Measuring building heights (For Review)

Summary of proposed changes to the method of measuring building heights in single and two family zoned neighbourhoods

The report recommending changes was authorized by senior planner Barry Waitt from the Building Services Department, City Hall, New Westminster.

In response to the number of development variance permits issue to vary the heights of single and two family dwellings in the previous months, Council in January 2008 authorized staff to determine if there was a need to make amendments to the height requirement bylaw.

The ensuing review concluded that it was not necessary to make changes to the height bylaw itself but it became apparent that improvements could be made to the method of determining those heights to clarify the intent of the bylaw.

Specifically: - measuring the mean height of roofs
- determining where elevation levels of building sites are calculated
- clarification of grades used in determining heights

Measuring the mean height of a roof
The present method of using the height of the eaves to determine the mean height of a roof is subject to manipulation if the eaves are deliberately extended lower to the ground. Such manipulation can result in the main floor of a house being built higher from ground level than the bylaw intends

The recommendation is to measure from the top of the wall plate as this is much more difficult to manipulate to get around the bylaw.

Determining where elevation levels of building sites are calculated
The current bylaw allows elevations to be taken at the four corners of the lot to determine the average elevation. This average, considered to be in the centre of the lot, is where all building heights are measured from. If the lot has a considerable slope, and the front wall of the house is required to be closer to the front of the lot than the back, all the building heights at the front can be somewhat higher than the intent of the bylaw.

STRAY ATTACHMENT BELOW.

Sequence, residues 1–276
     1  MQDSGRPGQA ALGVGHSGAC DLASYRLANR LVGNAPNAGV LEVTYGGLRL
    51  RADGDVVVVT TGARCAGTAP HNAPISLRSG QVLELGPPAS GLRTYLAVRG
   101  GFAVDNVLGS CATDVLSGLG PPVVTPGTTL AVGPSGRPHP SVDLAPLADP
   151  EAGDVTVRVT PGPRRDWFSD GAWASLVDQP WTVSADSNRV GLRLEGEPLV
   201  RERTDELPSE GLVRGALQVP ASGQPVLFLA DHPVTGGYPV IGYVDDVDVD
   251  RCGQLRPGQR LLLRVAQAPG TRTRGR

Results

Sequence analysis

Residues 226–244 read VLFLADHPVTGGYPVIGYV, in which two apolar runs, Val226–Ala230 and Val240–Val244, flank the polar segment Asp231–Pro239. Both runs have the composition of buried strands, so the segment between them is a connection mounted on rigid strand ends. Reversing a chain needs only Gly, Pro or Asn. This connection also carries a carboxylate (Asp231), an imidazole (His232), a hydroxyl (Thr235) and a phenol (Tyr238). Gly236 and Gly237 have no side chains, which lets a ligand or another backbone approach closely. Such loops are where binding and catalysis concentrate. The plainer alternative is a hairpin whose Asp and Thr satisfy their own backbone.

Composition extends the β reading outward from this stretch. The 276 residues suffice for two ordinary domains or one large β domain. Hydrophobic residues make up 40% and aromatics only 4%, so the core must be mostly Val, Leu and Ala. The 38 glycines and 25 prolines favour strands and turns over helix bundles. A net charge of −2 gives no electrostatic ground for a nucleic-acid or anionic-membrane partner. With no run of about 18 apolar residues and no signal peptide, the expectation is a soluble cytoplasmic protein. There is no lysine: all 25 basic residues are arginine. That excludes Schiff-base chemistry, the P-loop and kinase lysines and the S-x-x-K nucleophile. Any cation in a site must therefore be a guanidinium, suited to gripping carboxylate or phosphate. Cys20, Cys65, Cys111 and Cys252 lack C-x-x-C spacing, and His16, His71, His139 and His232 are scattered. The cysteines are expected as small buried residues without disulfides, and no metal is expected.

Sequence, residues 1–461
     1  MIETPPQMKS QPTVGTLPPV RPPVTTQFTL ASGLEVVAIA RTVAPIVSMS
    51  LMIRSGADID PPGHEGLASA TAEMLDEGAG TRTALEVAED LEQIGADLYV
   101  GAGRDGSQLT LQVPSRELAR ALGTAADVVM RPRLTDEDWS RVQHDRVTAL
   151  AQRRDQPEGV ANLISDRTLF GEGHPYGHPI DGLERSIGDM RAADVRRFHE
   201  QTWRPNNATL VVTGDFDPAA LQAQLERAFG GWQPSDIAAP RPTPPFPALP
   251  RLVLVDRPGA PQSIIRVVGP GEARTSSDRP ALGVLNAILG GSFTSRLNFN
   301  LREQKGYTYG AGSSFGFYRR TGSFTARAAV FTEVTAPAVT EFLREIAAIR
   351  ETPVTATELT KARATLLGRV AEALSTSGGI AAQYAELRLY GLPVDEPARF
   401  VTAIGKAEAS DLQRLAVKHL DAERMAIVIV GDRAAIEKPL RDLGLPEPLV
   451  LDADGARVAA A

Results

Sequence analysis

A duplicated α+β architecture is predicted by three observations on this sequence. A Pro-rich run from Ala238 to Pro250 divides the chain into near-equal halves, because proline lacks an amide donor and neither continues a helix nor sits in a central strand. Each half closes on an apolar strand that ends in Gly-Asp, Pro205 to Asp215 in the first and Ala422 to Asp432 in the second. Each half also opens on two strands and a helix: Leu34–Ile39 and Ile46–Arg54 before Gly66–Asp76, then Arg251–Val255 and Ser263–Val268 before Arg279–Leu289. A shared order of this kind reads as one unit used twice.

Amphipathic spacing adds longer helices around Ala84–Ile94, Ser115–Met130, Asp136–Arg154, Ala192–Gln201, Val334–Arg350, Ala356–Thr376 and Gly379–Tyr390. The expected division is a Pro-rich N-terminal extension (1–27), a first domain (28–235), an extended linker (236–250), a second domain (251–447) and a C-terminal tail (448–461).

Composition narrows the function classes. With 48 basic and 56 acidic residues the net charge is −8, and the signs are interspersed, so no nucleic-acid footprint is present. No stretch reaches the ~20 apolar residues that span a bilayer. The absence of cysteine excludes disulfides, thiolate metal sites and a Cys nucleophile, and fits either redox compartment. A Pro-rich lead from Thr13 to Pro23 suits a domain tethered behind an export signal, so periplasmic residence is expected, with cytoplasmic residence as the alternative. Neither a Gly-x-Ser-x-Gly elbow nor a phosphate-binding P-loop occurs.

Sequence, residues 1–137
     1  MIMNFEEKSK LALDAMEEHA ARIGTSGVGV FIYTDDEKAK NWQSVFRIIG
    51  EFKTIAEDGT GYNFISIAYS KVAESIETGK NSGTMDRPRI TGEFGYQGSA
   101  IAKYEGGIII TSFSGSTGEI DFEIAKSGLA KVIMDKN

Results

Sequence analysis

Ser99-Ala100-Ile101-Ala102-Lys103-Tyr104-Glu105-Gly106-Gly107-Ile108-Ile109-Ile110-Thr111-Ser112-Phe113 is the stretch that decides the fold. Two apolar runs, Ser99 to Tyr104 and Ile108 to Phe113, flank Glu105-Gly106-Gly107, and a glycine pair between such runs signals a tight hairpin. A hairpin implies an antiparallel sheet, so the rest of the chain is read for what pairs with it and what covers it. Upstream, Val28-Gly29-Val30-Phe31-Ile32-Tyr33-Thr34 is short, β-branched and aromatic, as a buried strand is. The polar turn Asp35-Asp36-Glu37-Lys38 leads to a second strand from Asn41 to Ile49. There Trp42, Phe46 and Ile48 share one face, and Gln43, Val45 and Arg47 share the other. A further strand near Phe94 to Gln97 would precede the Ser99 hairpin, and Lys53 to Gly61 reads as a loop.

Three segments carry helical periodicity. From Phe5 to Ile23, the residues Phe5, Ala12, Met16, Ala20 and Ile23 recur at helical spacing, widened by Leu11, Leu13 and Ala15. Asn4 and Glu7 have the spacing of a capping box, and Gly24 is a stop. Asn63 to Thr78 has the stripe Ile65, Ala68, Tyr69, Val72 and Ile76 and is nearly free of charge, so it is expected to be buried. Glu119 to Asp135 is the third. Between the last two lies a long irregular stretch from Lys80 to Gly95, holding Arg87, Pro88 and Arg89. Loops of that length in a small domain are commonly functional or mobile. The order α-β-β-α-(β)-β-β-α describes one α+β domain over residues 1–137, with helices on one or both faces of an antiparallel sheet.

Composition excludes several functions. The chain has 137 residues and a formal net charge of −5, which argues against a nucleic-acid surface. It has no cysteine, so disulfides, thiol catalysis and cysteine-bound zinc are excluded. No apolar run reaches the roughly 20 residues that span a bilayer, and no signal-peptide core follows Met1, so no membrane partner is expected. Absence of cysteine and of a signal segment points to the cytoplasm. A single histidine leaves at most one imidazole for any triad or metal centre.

The recommendation is to require that all elevations be taken at the corners of the proposed building so there is a closer relationship between the corners of the building and its proposed height.

Clarification of grades used in determining heights
The intent of the bylaw has always been that heights should be determined from an "untouched" or natural grade as opposed to an artificial or "finished" grade. Ambiguous wording has, however, allowed builders to artificially raise heights of lots before taking elevations, resulting in buildings much taller than the intent of the bylaw to allow.

The recommendation is to insert the word "existing" before "elevation" to eliminate the artificial manipulation of lot grades.

Barry Waitt from Development Services has asked the West End Residents Association to comment on these proposals. He will attend our November 25, 2008 meeting to answer any of your questions and he may, at that time, ask us to endorse these proposed amendments.

—Elmer Rudolph, president, WERA
(Nov. 10, 2008)

No comments: